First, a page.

Conditions Associated with Infant Reflux Disease

There are several conditions that are frequently associated with Infant Reflux Disease

Sleep apnea
Chronic bronchitis and pneumonia

MSPI or MSPA – milk and soy protein intolerance or allergy – can have similar symptoms and/or aggravate reflux.  If breastfeeding, dietary changes can help alleviate symptoms.  A formula change to a hypoallergenic formula can significantly improve an infants symptoms. 

Laryngomalacia is the most frequent cause of stridor or noisy breathing in infants. A high pitched or squeaky intermittent sound is heard during inspiration.  It is typically noticed the most when the infant is lying on his/her back, crying, feeding, or when an infant is sick.  It is due to immature development of the larynx – but it can be aggravated by reflux.
It can get worst up to at 3-6 months and then it will gradually improve as the rigidity of the cartilage strengthens.  Most children are symptom free within 6-12 months.

Gastroparesis (DGE) delayed gastric emptying – a condition in which the stomach takes longer to usual to empty.  The is typically a result of an immature digestive system.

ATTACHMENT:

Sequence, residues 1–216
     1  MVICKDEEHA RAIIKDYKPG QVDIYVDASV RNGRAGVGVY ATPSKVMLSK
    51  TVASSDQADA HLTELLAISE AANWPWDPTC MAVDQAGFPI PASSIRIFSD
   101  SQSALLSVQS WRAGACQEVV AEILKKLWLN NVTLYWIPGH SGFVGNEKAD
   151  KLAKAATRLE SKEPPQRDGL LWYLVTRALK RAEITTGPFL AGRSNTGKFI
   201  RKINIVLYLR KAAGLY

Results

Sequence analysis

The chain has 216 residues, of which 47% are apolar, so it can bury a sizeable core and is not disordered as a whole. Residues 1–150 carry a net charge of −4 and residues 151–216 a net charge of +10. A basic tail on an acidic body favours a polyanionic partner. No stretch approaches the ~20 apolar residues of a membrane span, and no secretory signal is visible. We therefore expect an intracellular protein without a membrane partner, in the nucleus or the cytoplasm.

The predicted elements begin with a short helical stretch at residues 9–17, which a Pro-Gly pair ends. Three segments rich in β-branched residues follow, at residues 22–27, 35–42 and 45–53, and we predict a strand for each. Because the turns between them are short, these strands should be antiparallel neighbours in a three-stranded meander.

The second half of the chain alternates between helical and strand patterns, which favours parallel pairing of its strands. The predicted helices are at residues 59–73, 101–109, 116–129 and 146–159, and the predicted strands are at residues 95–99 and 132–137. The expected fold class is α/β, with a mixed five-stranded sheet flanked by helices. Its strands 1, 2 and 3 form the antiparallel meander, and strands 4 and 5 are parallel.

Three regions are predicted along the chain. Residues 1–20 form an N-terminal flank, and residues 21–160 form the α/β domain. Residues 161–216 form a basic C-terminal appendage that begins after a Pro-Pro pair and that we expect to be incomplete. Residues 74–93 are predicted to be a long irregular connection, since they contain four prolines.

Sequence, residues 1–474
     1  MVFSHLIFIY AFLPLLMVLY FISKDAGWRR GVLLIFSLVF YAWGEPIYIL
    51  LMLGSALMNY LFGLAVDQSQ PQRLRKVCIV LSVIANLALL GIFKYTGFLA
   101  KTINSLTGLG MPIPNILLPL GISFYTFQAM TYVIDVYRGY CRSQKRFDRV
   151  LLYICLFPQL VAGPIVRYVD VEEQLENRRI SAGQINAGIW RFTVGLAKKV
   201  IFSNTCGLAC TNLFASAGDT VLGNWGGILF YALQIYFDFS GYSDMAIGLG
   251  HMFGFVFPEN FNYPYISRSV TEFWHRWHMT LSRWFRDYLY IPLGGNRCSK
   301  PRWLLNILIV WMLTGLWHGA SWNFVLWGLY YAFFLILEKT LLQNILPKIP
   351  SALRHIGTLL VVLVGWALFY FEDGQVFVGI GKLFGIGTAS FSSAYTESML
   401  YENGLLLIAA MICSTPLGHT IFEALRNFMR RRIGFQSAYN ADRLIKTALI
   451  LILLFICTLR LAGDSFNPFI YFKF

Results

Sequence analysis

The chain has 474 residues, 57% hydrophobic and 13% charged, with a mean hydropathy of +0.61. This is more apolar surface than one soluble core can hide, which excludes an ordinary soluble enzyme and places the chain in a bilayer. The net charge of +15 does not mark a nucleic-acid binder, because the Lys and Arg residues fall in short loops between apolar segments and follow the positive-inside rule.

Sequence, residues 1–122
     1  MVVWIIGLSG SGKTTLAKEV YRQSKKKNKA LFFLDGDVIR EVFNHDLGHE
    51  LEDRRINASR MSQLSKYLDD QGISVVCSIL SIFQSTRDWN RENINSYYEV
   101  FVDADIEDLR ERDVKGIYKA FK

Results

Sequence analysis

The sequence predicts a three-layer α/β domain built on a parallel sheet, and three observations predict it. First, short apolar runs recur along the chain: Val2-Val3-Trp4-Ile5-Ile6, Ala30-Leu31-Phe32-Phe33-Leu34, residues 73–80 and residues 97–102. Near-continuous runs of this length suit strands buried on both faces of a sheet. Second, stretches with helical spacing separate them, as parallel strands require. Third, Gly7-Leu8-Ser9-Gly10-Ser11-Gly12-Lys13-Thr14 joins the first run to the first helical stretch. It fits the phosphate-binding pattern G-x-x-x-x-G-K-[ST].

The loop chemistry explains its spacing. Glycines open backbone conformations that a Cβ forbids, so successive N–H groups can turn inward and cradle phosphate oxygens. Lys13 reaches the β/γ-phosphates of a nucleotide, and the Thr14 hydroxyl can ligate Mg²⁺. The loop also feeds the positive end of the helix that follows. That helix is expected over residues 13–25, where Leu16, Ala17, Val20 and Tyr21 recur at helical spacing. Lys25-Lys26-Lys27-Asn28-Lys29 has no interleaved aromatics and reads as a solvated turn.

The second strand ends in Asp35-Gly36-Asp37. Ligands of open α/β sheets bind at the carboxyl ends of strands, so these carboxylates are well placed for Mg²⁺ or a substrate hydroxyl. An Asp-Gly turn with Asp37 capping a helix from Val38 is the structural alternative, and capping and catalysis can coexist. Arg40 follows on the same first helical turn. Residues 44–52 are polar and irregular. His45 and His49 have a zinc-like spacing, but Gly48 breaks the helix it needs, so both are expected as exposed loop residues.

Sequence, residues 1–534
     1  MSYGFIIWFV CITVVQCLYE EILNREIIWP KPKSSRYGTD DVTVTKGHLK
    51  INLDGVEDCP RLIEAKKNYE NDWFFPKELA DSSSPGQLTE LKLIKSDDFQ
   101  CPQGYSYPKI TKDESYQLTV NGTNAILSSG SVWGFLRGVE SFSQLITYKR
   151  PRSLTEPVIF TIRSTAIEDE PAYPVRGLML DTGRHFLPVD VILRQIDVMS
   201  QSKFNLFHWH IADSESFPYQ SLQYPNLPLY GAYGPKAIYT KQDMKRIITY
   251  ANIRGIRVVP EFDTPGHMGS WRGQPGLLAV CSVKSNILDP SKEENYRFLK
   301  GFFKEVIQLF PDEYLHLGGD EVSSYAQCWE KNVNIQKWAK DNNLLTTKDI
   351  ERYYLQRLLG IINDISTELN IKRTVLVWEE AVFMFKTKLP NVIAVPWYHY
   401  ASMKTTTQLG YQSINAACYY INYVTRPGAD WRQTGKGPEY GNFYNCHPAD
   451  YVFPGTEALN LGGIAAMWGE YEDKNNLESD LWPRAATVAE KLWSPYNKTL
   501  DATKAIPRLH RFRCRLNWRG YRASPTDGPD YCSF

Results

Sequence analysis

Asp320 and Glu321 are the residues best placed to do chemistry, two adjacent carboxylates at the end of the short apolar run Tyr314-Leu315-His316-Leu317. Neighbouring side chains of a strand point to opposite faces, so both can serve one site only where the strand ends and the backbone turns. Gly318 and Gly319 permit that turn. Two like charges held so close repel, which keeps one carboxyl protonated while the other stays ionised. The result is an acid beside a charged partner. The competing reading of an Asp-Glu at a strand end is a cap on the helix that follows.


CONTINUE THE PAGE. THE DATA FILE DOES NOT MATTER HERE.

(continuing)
Dysphagia – difficulty swallowing… This usually due to immature coordination of the neuron-muscular process or can be aggravated by inflammation and swelling caused by reflux. 
Sensory integration disorder or sensory processing – issues can be common in children with severe GERD. This is said to be due to the constant pain their bodies are subjected to can sometimes mess up their sensory processing abilities.

Conditions With Similar Symptoms As Reflux:

Pyloric stenosis – a condition causing a baby to vomit forcefully.  
It is a thickening of the pylorus, the lower part of the stomach where food and other stomach contents pass to enter the small intestine.  The muscles in the pylorus become enlarged/thicken over a period of weeks and eventually cause a blockage, thus preventing contents from emptying out of the stomach.  Infants will begin spitting up and eventually the spitting up will become more forceful until the infant is projectile vomiting.  Infants will end up vomiting after every feeding.  Surgery is needed to correct this condition.

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